Hexagon adds Thermopylae to its geospatial biz
Another week, another acquisition:
Hexagon says it will buy Thermopylae Sciences and Technology, a software provider of geospatial applications, mobile frameworks and cloud computing for enhanced location intelligence, primarily to the US government and other defense market.
Thermopylae’s solutions are built upon the Google technology stack and are used for advanced mapping visualizations used in mission support. You may recall that Intergraph, bought by Hexagon a decade ago, had a geospatial business that sold a lot of stuff to governments around the world. With changes in spending priorities, difficulties passing funding bills and other challenges, that division (now Hexagon Geospatial) has been struggling — and perhaps this app-type concept will help reverse that.
But I think this is the real reason Hexagon acquired Theropylae: Hexagon’s release says that its solutions are are “also applicable to a host of markets in the private sector including real estate, finance, insurance, retail and media – with customers ranging from start-ups to Fortune 50 companies”. And that gets into some of the super-hot areas of technology right now — how can a maintenance worker in an office complex know exactly which section of pipe to investigate without detailed geographic info on the location of the fault? Where was the driver, in an accident reconstruction?
Hexagon CEO Ola Rollén said of the deal, “Ultimately, the addition of Thermopylae will enrich the 5D experience delivered through our Hexagon Smart M.App and Luciad portfolios – both of which enable smart digital realities with 3D, 4D (real-time sensor feed integration) and 5D (dynamic analytics) capabilities. Not only does the acquisition provide an avenue for international market adoption of Thermopylae’s technologies but also an additional avenue for Hexagon to accelerate adoption of our 5D visualisation capabilities in U.S. government agencies.”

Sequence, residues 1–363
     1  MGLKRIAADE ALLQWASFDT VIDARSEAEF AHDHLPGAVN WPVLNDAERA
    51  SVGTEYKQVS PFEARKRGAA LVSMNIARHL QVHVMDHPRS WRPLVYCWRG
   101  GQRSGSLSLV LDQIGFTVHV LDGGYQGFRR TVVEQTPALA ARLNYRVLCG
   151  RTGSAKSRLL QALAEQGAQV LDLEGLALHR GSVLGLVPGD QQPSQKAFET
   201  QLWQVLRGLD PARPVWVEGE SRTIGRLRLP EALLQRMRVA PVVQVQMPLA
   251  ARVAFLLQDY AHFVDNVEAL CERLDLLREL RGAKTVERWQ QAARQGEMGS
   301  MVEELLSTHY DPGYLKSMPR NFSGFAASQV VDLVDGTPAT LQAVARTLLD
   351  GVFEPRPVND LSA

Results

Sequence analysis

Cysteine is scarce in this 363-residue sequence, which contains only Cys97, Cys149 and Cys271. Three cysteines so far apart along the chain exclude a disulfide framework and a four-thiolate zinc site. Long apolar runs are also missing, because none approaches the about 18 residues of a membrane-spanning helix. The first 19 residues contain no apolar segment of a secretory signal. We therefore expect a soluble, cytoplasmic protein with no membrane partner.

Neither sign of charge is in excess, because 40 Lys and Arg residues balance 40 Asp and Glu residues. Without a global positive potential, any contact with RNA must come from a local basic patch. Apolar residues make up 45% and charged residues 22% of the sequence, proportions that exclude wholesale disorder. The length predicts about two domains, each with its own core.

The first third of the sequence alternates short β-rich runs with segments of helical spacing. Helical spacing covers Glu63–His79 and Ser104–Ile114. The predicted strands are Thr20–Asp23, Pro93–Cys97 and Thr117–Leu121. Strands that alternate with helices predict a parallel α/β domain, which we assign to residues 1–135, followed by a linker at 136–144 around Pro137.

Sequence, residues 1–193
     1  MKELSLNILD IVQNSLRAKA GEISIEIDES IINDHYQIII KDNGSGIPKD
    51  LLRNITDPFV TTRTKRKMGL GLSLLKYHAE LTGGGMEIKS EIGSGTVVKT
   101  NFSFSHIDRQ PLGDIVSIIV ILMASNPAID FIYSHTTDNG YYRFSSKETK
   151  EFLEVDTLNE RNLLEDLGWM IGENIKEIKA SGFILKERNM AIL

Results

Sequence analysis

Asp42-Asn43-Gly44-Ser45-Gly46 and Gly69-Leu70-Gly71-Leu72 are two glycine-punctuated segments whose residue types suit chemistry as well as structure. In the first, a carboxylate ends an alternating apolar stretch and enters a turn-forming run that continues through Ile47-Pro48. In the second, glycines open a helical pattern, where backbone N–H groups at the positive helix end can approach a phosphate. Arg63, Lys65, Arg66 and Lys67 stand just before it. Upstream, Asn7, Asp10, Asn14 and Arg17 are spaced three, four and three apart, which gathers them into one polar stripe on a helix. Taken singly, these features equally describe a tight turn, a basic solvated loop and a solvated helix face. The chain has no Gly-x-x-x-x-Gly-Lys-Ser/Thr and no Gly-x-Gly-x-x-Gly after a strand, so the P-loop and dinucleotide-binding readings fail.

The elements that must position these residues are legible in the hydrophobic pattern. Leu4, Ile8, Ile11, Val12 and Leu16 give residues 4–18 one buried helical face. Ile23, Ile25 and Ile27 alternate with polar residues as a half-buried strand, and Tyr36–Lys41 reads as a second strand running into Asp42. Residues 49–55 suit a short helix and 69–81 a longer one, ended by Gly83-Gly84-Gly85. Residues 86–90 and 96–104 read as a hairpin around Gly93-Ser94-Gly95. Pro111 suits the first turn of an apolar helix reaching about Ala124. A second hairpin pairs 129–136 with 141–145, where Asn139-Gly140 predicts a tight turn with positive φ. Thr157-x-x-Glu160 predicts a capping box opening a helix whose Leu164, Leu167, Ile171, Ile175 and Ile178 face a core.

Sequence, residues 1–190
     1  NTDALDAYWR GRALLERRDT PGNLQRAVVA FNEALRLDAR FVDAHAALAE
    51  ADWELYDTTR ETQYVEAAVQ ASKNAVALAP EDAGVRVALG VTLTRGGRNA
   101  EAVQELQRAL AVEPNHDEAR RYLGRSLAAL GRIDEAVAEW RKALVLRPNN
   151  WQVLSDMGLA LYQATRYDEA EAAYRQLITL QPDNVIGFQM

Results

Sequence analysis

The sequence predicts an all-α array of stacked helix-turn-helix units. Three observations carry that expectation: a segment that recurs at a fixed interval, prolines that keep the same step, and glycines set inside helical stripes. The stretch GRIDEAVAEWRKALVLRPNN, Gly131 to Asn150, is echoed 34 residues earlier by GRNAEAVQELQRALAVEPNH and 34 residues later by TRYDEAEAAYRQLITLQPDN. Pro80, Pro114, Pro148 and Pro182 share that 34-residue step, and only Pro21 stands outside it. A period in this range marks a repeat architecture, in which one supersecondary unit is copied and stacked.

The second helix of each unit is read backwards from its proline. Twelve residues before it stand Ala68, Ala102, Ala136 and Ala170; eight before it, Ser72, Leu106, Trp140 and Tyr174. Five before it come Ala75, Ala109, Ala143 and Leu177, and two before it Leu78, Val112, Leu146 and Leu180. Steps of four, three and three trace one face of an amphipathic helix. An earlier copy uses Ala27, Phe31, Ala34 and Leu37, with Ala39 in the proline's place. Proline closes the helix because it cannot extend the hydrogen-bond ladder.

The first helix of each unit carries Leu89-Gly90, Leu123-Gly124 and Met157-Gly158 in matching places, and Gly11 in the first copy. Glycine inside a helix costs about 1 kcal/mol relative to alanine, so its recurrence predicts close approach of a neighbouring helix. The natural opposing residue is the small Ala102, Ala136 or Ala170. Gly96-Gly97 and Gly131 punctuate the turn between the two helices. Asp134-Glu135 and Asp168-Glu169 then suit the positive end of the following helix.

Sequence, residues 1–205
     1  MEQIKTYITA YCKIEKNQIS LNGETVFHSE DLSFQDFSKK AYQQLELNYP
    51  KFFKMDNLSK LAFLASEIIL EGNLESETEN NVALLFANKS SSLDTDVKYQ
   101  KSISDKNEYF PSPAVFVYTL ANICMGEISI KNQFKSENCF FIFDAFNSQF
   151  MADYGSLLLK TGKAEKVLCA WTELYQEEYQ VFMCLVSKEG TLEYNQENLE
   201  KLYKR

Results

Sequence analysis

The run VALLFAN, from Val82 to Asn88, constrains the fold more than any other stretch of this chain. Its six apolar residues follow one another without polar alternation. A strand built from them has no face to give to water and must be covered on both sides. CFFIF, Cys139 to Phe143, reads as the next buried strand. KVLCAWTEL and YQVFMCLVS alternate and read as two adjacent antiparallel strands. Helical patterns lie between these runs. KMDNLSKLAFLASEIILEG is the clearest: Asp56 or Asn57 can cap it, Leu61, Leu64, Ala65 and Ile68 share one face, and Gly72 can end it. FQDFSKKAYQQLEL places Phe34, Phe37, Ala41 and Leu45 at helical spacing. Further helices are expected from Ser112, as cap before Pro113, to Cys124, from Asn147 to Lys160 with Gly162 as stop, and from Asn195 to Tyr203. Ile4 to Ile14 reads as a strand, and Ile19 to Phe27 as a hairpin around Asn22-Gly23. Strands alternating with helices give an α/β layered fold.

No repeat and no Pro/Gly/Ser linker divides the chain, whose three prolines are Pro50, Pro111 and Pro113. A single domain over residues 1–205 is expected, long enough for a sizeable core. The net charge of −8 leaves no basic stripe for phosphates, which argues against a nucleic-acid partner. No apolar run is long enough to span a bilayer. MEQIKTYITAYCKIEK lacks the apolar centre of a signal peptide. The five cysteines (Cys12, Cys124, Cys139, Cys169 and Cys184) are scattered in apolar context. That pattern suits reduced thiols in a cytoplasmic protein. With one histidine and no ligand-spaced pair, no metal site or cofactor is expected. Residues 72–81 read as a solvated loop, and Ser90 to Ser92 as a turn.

[Mr. Rollén definition of 4D and 5D aren’t traditional in the AEC sense, where 4D is time and 5D is cost; but they are often used in the sensor world. Confusing, no?]
Hexagon says that Thermopylae had revenue of $20 million in 2017 and will operate as a part of Hexagon’s Geospatial division.
Interestingly, the company also said that it will submit a voluntary filing to the Committee on Foreign Investment in the United States (CFIUS) for approval of the deal. I wrote about CFIUS here; it’s a US federal, interagency group that reviews foreign investments in US businesses to determine whether those transactions could harm US national security. You may recall the whole Broadcomm / Qualcom kerfuffle last year — the main objective seems to be to keep US technology and innovation out of Chinese control. I don’t know what a CFIUS review adds to the deal timetable, or what kind of objections or changes in deal structure it might require. Hexagon didn’t include the usual deal closing timetable in its announcement, so it would appear that it’s not sure, either.